In reality, many big corporations were already large and successful before they went public and this was reflected in their Initial Public Offering (IPO). When Microsoft went public, the shares traded for well over 20 USD per share on the very first day of trading. So, why does the adjusted stock price for Microsoft’s first day of trading say $0.09? Doesn’t this mean that Microsoft was a penny stock company back then, with shares being bought for a less than dime a piece? No, it doesn’t, because we are looking at the adjusted stock price. The adjusted stock price is adjusted for later splits, which is why the dollar value gets so low. No one sold shares in Microsoft for 9 cents a share right after the IPO.
All penny stock companies are newly formed companies
A penny stock company can be a newly formed company, but there are many penny stock companies that aren’t. Quit a few hobby investors erroneously believe that all penny stock companies are young companies that haven’t been traded for long, and that by investing in penny stocks we are helping start-ups to flourish. Just give this newly fledged company some time, and it will turn into a highly profitable company with a soaring share price.
In reality, a penny stock company can just as well be an old company that simply failed to attain any higher share price than this, or a company that was once traded at higher prices but then dropped down to penny share level.
As always, it is important to do your own research before you invest.
Penny stocks are ideal for small investors
Many of the misconceptions above are vigorously perpetuated by ”financial advisors” in their eagerness to encourage novice investors to buy certain penny stocks.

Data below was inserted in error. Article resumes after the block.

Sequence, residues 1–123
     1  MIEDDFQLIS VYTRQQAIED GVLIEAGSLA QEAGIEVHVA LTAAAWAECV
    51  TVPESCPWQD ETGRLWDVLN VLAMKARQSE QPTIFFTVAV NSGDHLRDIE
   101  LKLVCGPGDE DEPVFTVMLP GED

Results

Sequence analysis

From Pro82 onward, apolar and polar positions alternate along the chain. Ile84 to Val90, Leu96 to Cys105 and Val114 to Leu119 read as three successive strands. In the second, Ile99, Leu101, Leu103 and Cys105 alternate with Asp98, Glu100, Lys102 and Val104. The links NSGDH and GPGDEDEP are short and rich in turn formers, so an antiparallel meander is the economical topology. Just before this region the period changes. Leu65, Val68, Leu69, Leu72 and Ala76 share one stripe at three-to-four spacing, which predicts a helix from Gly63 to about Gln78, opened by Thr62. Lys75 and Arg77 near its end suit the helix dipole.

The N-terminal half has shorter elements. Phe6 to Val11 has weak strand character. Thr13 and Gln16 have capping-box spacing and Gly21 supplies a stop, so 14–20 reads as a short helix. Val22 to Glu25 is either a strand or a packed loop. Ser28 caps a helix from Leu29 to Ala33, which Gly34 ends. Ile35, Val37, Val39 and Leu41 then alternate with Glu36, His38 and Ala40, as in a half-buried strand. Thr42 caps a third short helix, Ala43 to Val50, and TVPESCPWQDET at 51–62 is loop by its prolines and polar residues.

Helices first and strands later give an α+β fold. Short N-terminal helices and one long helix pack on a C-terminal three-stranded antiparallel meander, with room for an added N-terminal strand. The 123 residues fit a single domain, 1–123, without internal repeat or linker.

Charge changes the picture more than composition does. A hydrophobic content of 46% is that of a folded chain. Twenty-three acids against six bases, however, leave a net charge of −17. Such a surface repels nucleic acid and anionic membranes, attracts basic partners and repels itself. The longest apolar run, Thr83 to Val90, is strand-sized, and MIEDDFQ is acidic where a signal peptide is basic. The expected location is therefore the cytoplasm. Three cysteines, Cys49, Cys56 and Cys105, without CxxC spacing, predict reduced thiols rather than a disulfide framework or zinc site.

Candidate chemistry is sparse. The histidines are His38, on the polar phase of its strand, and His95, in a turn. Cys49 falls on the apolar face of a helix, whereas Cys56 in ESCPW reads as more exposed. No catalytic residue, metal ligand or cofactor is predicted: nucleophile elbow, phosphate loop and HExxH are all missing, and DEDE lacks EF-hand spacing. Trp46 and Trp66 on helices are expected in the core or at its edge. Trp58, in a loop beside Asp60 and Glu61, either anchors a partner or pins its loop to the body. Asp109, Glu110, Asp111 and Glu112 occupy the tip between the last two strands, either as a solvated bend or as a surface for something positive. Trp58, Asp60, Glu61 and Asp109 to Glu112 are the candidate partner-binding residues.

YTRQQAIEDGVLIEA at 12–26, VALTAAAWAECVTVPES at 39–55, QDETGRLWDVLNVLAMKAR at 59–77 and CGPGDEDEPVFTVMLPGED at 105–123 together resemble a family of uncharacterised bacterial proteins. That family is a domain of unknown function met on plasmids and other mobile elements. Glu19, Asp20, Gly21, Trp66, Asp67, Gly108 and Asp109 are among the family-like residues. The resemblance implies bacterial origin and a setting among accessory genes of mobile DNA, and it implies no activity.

By looking beyond the misconceptions and doing your own research, you can make an informed decision. Is investing in penny stocks a good idea for you right now? Is investing in this specific penny stock company a sound choice?
Sometimes, the answer to both those questions will be yes. Investing in penny stocks isn’ta a surefire way to lose ones money. There are definitely people in this world who make money buying and selling penny stock. However, for a novice investor, penny stocks wouldn’t be my first suggestion, unless the investor is well-informed, actively looking for a high-risk project and willing to roll with the punches.
Many small-scale novice investors are attracted to penny stocks due to the low share price, and the rampant volatility can look appealing if you only look at the upswings. Even with a tiny bankroll like mine, I can make a sizeable profit since the gains are so big in percentage… However, many of these investors are devastated when they experience violent downswings post-purchase.
Another reason why even even risk-adverse small-scale investors can be attracted to penny stocks is the perceived ability to manage risk by risk-spreading. We are constantly told to ”not put all our eggs in one basket” when investing in stocks. The sensible thing to do, we’re told, is to spread risk by buying stocks in several different companies, in several different sectors, in several different geographical regions, and so on. So, what are we to do when we look at our meager bankroll and realize that it’s hardly large enough for such risk spreading tactics if we invest in shares costing $40 a pop or more? Maybe penny shares is the answer? After all, if we go for penny shares we can afford to buy shares in a multitude of different companies…
Once again, research is the key. Will this risk-spreading negate the increased risk of penny stocks in any tangible way? Is this the the optimal strategy for you, or would you be better served by some other investment strategy, such as putting the money in an index fund?